WILLIAM YEOMAN is enchanted by one of Japan’s quirkiest museums
The Kyoto International Manga Museum opened in November 2006, the result of a partnership between Kyoto City and Kyoto Seika University. The brief? “To collect, preserve, and exhibit manga materials, and conduct research into manga culture, for the purpose of holding exhibitions and events based on the research of these manga materials which are attracting attention from around the world.”
The collection comprises well over 300,000 items, a mix of manga and merch. Of the former, some can be borrowed, others can only be read on the premises. So you can see why you might need a bit longer than the two hours I have to spend here.
There’s the Wall of Manga, an open-access library spanning works from the 1970s to today. There’s the cavernous Main exhibition space, which attempts to answer, in a series of engaging displays, the question “What is Manga?” There are temporary exhibitions, such as the one I see on this occasion, Kamogawa — Colourful Characters. There’s a very cute-looking Children’s Library, and a performance space where a troupe regularly performs kamishibai, a traditional form of storytelling using picture boards.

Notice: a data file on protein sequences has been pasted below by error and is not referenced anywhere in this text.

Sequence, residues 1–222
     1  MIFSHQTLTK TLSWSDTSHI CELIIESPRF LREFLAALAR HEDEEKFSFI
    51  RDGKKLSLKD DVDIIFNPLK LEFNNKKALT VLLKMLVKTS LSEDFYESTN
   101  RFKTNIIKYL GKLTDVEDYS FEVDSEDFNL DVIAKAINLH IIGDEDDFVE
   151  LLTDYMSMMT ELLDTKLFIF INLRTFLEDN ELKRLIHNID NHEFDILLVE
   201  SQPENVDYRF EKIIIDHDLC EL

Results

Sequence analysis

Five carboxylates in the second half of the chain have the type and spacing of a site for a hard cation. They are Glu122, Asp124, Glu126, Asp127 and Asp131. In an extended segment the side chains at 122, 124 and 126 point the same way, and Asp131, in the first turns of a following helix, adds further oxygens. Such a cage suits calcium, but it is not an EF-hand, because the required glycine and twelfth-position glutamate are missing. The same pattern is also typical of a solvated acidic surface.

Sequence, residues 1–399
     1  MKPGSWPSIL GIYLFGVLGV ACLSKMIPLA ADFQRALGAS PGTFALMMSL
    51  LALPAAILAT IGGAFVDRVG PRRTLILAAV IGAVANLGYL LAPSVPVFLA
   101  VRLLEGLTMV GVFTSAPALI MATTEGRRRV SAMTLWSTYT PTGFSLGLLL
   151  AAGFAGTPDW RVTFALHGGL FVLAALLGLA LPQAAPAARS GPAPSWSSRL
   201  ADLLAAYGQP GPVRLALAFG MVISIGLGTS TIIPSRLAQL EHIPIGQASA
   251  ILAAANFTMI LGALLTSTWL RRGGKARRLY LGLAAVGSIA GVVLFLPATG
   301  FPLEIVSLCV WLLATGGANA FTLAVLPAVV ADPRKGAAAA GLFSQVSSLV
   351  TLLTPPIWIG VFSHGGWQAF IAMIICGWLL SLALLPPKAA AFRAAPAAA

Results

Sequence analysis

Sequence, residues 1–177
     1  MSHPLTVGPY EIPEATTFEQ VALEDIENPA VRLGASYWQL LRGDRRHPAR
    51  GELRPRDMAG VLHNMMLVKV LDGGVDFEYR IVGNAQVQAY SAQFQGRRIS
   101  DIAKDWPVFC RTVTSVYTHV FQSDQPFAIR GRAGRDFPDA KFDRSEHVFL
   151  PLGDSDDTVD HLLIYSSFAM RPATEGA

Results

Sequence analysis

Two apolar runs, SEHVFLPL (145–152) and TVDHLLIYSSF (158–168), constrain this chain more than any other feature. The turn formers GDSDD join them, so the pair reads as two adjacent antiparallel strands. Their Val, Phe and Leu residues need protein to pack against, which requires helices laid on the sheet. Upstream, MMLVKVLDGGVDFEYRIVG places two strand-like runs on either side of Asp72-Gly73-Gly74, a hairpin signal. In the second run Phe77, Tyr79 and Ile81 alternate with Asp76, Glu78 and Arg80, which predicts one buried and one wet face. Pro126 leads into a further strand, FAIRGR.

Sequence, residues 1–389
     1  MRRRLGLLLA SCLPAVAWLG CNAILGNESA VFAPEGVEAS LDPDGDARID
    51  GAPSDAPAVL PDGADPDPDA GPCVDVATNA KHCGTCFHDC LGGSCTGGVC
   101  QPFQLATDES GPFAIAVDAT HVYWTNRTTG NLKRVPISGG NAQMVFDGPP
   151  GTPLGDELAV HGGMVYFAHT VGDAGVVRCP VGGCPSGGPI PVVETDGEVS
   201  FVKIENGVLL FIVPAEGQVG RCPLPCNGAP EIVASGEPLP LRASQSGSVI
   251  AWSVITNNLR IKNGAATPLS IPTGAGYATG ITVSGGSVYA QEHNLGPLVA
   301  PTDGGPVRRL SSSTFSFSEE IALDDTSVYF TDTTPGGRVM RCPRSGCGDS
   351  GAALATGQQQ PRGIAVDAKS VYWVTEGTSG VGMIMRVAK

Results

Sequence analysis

There is the Manga Artists’ Hands exhibition, which displays more than 100 plaster casts of artists’ hands, some holding drawing implements, besides examples of their work. There is a Research Reference Room, a Manga Studio featuring artists at work, a workshop space for YOU to work and a portrait corner where you can get your portrait done manga style. And, of course, there’s a cafe.
This is an edited version of the original, full-length story, which you can read here.
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The Kyoto International Manga Museum is open 10am-6pm every day except Wednesdays. Ticket prices are 800 yen (about $10) for adults, 300 yen (about $5) for school students. Tickets permit multiple entries throughout the day of purchase.
DisclaimerWilliam Yeoman travelled to Japan as a guest of AGNSW and Destination NSW. They have not seen or approved this story.
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